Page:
I tucked my hands into the pockets of my cardigan and pulled it around me in a hug as I set out for my walk. The sun was low in the west, the air nippy. I wandered into Central Square just as the City Hall clock above me struck seven. Crossing the street, past the noisy tavern on the left of the sidewalk, and people enjoying conversations and dinner al fresco on the right, I arrived at Rodney’s. The bookstore is an institution in Cambridge, MA. It sells used and rare books with a fast-changing inventory. I made a beeline for the New to Rodney’s table in the center of the store.
I was seventeen when I met David, back in 1916. Now I don’t very much care to count my age. It’s April 1972 here in Cambridge. White puffballs that must be some sort of seedpod have been floating by the window above my writing desk for days, collecting on the sidewalk like first snow.
Every morning I sat on the terrace and waited for him. Night would fade to gray dawn, the sun’s first rays struck the kilometer-high spire of Burj Khalifa,and then the sculler would appear. No other craft plied Dubai Creek at that hour, no working dhows or party cruises. River belonged to sculler and sculler to his boat, and I would sit with my coffee and envy him.
Somewhere in the attic I have letters from Bud, typed on a real typewriter and sent to me when I was in high school and college. The letters chronicle the adventures of his terrier and on occasion were written in the dog’s voice. The dog used to wait for his chance—when the man was sleeping or when he took up his guitar in a corner of a room with a bottle and some cigarettes, maybe the beginnings of a tune. Then the dog would leap to the typewriter and start tapping the keys with small white paws.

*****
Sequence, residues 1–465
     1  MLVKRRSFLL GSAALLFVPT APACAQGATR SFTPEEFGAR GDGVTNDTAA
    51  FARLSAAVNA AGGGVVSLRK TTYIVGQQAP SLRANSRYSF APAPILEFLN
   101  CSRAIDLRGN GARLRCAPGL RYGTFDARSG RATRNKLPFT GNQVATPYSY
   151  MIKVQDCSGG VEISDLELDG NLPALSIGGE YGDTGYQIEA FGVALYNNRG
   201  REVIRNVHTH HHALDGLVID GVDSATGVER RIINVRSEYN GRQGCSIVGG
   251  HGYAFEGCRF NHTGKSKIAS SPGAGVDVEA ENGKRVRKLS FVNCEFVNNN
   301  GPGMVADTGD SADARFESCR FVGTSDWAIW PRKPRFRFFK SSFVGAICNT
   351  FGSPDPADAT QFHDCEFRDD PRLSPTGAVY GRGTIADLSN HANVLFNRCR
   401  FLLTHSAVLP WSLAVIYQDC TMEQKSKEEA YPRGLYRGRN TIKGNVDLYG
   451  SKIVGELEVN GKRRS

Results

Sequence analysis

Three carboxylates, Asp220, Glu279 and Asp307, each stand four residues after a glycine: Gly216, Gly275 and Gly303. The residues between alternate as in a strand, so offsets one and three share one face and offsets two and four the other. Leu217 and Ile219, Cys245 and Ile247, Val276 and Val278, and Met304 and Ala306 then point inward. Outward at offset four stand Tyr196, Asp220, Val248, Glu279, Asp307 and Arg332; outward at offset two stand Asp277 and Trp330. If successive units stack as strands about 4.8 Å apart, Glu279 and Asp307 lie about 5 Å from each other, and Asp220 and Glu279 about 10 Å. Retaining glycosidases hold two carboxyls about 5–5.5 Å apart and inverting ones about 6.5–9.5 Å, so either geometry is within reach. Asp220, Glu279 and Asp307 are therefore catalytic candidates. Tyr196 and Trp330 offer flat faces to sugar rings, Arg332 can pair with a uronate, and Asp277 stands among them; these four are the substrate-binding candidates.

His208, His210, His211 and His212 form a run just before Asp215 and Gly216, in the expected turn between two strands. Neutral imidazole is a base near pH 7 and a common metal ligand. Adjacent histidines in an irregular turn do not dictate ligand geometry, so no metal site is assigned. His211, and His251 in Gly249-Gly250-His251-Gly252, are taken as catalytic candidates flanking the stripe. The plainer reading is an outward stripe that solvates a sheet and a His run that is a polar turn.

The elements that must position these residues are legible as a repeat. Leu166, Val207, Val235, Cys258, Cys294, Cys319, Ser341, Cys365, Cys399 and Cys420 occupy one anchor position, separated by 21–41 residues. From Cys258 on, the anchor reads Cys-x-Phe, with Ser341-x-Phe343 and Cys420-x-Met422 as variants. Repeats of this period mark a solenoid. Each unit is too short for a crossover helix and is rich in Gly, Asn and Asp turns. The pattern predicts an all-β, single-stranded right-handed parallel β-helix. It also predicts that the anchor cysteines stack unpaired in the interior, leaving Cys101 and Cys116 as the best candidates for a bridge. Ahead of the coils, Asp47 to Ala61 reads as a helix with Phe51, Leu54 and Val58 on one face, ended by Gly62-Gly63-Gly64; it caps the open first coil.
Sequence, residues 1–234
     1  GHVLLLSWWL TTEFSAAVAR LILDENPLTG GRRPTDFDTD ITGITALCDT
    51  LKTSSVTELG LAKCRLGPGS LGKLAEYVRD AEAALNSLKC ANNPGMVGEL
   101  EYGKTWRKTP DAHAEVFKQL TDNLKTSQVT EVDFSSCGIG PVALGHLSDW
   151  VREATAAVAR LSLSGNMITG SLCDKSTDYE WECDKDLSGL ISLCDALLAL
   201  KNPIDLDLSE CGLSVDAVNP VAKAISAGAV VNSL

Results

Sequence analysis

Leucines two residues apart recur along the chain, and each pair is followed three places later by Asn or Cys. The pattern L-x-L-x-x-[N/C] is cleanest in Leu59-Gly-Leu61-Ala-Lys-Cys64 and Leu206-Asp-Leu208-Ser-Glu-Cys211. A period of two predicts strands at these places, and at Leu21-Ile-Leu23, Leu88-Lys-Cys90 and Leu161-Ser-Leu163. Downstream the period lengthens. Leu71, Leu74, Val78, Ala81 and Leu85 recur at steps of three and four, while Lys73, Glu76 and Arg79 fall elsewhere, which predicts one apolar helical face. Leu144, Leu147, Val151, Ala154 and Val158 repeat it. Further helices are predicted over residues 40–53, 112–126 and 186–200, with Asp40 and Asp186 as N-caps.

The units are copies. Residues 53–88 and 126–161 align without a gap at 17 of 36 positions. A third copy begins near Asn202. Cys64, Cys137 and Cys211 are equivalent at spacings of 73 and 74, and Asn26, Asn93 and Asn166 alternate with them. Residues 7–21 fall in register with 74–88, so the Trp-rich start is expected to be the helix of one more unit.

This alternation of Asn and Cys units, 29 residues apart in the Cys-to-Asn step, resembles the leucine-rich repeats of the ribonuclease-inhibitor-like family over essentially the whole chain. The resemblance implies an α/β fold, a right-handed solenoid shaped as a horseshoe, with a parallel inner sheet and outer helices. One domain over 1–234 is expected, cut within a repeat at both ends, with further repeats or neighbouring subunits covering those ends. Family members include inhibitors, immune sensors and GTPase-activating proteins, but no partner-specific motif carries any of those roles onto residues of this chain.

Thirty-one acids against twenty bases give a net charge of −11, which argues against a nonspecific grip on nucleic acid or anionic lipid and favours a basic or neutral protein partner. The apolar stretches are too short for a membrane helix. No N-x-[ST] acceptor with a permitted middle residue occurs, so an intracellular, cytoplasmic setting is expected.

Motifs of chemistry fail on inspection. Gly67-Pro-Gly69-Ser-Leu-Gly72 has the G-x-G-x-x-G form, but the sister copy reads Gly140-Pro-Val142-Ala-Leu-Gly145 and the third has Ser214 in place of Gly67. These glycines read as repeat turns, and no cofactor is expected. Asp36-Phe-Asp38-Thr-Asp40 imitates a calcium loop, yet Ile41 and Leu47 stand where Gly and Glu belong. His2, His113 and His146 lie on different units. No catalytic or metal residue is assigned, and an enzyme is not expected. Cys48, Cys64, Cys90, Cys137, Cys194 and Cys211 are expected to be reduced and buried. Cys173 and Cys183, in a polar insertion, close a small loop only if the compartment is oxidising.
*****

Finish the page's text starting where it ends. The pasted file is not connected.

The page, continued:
Two weeks ago today, I woke up reading an email that Watertown was closed. The Boston, Cambridge, and Watertown police departments had sealed a perimeter. No entrance, no exit. The office was closed. I had started working for a landscape architecture practice in Watertown that Monday, the morning of the Marathon. After three months on the city’s outskirts, writing full-time, at last I had started traveling around Boston and Cambridge. The Lockdown froze the city in its novelty for me.
I recollect at last those first few weeks
on Beacon Street: broke newlyweds, we hid
our finite riches in a little room,
a basement studio whose cost seemed gruesome.
Fresh from Corpus Christi, you learned to speak
a northern language, talk of “quarters” wide-
mouthed like a Chowdahead’s wicked idiom.
Townieis a book about fighting and writing. But it’s mostly about fighting: wanting to fight, learning to fight, training to fight, getting in fights. In the end, it’s about learning not to fight. (I’m not giving much away: a whole lot happens in the middle, and the final scene in which Dubus peels himself away from the urge to fight is lovely and stirring.)
Andre Dubus III spends his boyhood getting beat up a lot. Still scrawny at fourteen, he tells himself:
“I don’t care if you get your face beat in, I don’t care if you get kicked in the head or stabbed or even shot, I will never allow you not to fight back ever again. You hear me?”